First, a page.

I just saw that there's a bilingual MBA program at Universidad Adolfo Ibanez in Chile - it might be worth looking into, depending on your level of Spanish. It's accredited by both AACSB and AMBA, and the manufacturing sector in Chile is doing quite well at the moment.

I just saw that there's a bilingual MBA program at Universidad Adolfo Ibanez in Chile - it might be worth looking into, depending on your level of Spanish. It's accredited by both AACSB and AMBA, and the manufacturing sector in Chile is doing quite well at the moment.
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hola

What are some good MBA programs in South and Central America? I'd prefer something either in English or in a bilingual format. Here are the ones I'm looking at:

COPPEAD (Brazil)
INCAE (Costa Rica)
FGV (Brazil)

What else should be on my list?

My Spanish is passable. I'd be using the MBA to try to break into a manufacturing position in South America. I'm completely open in terms of country.

So, did you end up settling on a school? I'm curious about your final decision.

<blockquote>What are some good MBA programs in South and Central America? I'd prefer something either in English or in a bilingual format. Here are the ones I'm looking at:

COPPEAD (Brazil)
INCAE (Costa Rica)
FGV (Brazil)

What else should be on my list?

My Spanish is passable. I'd be using the MBA to try to break into a manufacturing position in South America. I'm completely open in terms of country.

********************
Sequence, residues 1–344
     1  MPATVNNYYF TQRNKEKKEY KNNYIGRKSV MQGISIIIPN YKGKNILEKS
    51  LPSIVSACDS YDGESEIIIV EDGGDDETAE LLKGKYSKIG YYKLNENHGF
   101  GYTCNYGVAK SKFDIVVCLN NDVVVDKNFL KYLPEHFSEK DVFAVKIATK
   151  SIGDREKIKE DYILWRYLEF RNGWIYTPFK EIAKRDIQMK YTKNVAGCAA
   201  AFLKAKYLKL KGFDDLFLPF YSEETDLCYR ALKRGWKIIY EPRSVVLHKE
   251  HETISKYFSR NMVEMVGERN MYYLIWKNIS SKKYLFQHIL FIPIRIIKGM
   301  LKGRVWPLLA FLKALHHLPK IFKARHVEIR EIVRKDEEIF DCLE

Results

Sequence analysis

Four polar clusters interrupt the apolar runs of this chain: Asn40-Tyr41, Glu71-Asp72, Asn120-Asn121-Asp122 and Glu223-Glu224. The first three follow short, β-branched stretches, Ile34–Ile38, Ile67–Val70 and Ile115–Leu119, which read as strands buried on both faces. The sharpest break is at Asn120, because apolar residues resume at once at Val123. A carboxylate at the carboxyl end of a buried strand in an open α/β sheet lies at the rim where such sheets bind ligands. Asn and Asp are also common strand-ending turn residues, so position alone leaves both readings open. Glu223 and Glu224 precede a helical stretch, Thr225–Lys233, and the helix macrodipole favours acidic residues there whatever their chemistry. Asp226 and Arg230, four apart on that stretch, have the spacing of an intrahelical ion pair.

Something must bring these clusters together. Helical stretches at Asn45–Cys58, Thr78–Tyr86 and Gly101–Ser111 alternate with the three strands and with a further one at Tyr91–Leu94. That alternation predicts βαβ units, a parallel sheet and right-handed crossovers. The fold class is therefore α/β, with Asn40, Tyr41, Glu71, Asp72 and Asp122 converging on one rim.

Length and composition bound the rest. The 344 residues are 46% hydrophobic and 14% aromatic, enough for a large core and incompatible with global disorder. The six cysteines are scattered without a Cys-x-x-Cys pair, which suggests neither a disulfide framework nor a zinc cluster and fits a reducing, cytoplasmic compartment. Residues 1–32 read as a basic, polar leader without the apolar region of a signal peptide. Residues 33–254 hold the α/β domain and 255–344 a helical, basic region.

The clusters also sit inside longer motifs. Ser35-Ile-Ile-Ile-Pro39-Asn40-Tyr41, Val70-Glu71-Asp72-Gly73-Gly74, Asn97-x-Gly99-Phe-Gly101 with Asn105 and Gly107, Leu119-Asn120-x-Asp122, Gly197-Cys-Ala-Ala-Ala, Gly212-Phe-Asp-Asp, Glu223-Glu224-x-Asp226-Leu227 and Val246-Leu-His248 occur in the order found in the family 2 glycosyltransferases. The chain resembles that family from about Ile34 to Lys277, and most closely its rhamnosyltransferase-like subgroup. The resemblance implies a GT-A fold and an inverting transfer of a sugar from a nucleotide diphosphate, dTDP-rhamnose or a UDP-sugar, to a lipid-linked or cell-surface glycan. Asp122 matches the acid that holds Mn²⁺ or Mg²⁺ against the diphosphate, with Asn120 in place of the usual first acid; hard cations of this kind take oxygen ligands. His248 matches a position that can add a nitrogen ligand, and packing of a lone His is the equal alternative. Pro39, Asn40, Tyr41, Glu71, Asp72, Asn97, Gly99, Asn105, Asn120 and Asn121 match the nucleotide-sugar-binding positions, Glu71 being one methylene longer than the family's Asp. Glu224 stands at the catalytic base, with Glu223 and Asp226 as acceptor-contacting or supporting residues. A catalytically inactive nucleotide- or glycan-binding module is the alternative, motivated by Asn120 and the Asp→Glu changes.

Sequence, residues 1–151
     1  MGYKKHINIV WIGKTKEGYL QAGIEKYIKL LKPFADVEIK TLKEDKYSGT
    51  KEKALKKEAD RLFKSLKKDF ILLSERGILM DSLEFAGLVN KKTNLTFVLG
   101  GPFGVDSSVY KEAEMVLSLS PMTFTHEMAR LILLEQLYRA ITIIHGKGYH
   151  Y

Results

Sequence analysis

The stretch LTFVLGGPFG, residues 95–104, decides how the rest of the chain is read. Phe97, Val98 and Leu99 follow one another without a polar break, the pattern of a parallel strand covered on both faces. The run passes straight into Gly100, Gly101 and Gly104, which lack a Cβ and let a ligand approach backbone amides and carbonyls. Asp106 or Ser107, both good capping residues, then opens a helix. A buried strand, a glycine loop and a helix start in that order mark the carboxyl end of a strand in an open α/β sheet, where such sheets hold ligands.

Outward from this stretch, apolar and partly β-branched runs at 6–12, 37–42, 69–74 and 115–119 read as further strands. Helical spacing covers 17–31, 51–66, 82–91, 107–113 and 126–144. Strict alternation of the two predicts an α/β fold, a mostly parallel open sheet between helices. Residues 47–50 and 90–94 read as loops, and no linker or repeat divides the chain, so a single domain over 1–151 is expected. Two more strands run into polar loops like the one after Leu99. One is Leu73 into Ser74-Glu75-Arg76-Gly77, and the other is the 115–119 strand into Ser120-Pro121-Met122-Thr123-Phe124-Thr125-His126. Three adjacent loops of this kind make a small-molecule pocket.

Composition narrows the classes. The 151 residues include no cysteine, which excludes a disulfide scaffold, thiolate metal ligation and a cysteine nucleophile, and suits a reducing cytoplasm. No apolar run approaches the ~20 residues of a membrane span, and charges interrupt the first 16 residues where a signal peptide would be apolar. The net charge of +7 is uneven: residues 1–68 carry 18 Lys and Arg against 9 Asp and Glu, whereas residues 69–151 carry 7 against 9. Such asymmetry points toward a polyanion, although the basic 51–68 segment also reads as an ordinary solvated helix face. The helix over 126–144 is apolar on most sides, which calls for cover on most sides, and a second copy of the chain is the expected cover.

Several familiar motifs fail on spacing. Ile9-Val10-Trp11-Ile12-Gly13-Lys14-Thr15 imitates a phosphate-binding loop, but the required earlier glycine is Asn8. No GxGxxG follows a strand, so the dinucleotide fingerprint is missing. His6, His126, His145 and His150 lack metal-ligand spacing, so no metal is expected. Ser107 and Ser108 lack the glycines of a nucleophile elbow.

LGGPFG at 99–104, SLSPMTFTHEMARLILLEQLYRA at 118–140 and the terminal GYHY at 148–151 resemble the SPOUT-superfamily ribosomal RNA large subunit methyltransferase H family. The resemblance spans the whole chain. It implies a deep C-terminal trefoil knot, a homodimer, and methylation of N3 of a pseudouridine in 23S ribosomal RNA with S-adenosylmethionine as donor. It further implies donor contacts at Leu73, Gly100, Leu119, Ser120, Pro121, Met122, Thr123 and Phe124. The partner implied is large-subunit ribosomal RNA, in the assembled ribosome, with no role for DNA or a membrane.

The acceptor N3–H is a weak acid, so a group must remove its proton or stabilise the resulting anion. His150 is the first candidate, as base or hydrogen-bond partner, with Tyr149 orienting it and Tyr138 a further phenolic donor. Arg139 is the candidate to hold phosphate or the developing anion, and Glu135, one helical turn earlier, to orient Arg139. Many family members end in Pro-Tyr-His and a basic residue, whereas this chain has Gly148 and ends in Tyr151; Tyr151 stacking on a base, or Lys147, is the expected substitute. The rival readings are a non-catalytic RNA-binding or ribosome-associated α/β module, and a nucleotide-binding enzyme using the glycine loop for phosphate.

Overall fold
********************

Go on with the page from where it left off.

</blockquote>
So, did you end up settling on a school? I'm curious about your final decision.
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Bilder

Wharton. Applied for round 2 and was accepted. Here's my reasoning:

I got a much better GMAT score than I had anticipated, which made me reconsider my options - since all the advice I was getting was to "get into the best school that you can." I still want to take a study trip to South America (and may still end up working somewhere down there) but wanted to keep my options open in the US as well.

Plus, Wharton's reputation can't be beat. I reached out to alumni working in Brazil, and they were generally happy with the school's connections there. There are Wharton alumni networks all over South and Central America and while they're different from that of the local schools, I believe that you can leverage a network gained from a top-10 MBA pretty much anywhere.

Wharton. Applied for round 2 and was accepted. Here's my reasoning:

I got a much better GMAT score than I had anticipated, which made me reconsider my options - since all the advice I was getting was to "get into the best school that you can." I still want to take a study trip to South America (and may still end up working somewhere down there) but wanted to keep my options open in the US as well.

Plus, Wharton's reputation can't be beat. I reached out to alumni working in Brazil, and they were generally happy with the school's connections there. There are Wharton alumni networks all over South and Central America and while they're different from that of the local schools, I believe that you can leverage a network gained from a top-10 MBA pretty much anywhere.
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hola

Oh, congratulations!

That would have been an option for me but I just took my GMAT and didn't score that high (670). So I will focus on my Spanish and applying to IPADE.

Oh, congratulations!

That would have been an option for me but I just took my GMAT and didn't score that high (670). So I will focus on my Spanish and applying to IPADE.
quote